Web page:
Empty Buses and No Traffic Jams
Coronavirus now determines the flow of daily life
All this week I have been arriving to the office in Jerusalem much earlier, and not because I’ve been leaving home earlier or taking a different route. No, the buses are simply much emptier than usual, and there is an uncharacteristic lack of traffic at the entrance to Jerusalem.
According to the latest reports, there are as many as 100,000 Israelis in self-quarantine. Thousands of tourists also fled the country over the weekend for fear that their scheduled flights would be cancelled, stranding them here.
During my walk to and from the bus station each day, I typically encounter many tourists. But now, I see very few, if any. With new Health Ministry regulations, it’s now all but impossible for foreigners to enter Israel. The coronavirus has taken control of the daily flow of life in the Jewish state.
Ben Gurion Airport is all but empty
I still remember when this whole thing began. A radio report made note of a new and mysterious virus with a catchy name. There was at the time a single-digit number of infected people in China. None of us expected it to spread so quickly, or even to reach us at all.
Today, we find ourselves in a new reality. The number of infected is still relatively small, while the rest of us live in a state of constant panic over the possibility of catching the coronavirus. It’s a scenario straight out of a Hollywood movie, especially when one considers what’s happening in northern Italy, where the army has been called in to enforce a strict quarantine.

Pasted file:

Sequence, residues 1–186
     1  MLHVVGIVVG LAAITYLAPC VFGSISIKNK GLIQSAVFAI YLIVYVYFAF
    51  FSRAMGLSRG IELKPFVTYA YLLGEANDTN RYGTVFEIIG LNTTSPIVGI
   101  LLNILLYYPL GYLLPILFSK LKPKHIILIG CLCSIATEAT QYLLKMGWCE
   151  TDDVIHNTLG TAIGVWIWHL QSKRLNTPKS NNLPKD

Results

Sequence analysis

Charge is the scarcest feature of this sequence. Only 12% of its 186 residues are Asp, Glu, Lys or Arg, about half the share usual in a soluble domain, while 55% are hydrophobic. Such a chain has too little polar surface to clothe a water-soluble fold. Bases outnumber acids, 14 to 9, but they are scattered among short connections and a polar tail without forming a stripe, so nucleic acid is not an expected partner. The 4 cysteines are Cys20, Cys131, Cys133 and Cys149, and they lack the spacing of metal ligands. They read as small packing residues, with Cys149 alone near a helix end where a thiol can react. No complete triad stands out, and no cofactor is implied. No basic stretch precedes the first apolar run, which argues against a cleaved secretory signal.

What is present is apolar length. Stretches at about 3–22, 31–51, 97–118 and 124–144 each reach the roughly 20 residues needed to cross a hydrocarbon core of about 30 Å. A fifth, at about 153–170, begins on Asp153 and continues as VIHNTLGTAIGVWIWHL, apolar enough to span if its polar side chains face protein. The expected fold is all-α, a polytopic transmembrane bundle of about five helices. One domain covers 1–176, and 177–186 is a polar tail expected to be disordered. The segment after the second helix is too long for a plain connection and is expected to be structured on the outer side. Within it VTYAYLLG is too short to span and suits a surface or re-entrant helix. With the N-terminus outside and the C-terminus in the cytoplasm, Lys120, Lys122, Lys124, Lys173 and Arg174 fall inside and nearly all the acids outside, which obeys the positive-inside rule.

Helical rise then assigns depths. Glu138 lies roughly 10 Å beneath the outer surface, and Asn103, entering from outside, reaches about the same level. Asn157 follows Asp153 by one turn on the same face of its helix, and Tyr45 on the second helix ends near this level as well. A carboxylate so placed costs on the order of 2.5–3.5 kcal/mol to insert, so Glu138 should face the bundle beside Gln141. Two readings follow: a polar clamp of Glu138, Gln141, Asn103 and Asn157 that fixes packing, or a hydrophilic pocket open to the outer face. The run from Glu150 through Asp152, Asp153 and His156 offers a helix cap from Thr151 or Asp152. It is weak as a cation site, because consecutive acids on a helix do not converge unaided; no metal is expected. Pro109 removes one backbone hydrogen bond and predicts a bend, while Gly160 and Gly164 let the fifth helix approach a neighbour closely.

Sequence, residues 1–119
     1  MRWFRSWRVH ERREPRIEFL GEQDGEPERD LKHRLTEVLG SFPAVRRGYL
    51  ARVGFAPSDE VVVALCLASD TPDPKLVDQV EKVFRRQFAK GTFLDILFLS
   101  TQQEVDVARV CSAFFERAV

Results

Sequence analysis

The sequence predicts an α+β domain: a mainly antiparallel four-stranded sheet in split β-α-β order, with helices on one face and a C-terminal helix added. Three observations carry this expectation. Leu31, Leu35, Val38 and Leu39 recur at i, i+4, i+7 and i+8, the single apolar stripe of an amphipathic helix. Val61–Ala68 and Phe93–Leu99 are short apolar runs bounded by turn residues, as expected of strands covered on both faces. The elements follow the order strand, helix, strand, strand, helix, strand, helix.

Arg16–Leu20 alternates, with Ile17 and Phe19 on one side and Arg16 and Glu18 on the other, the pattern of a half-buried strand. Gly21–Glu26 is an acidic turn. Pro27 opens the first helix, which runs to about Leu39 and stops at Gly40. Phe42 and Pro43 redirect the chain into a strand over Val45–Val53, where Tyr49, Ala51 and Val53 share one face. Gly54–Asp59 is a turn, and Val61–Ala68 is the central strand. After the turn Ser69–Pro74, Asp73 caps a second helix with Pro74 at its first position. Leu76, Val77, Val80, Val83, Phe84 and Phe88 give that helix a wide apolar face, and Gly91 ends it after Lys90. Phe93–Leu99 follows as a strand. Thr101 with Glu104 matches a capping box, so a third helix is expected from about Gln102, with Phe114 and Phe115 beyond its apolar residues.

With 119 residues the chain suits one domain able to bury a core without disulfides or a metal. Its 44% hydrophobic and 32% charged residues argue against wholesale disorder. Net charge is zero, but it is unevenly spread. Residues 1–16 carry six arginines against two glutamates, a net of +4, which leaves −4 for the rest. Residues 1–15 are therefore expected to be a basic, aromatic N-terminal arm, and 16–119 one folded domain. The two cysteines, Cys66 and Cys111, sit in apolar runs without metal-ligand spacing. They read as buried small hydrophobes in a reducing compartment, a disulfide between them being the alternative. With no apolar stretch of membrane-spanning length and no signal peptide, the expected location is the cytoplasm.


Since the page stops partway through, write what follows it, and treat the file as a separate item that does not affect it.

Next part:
One of the things that really drives home how completely coronavirus has taken over our daily lives is how little we are talking about the recent election, the third for Israel in less than a year. Our political situation is unprecedented, and yet it is relegated most days to pages deep inside the daily newspapers. Frontpage headlines are usually focused on one thing alone: coronavirus.
In the meantime, we are glued to updates from the Ministry of Health. The situation is reminiscent of other times of crisis, such as the Gaza wars or the Gulf wars, when we were constantly waiting for the next briefing from the army spokesman. Until recently, nobody knew or cared about the name of the director of the Israel Health Ministry. Today, everyone knows his name.
Moshe Bar Siman Tov has become a household name
If there’s one bit of good news, it’s that spring seems to be coming early to the Land of Israel, and it’s said that the coronavirus doesn’t like the heat. Perhaps this crisis will soon abate so that we can again focus on the other crises we are facing?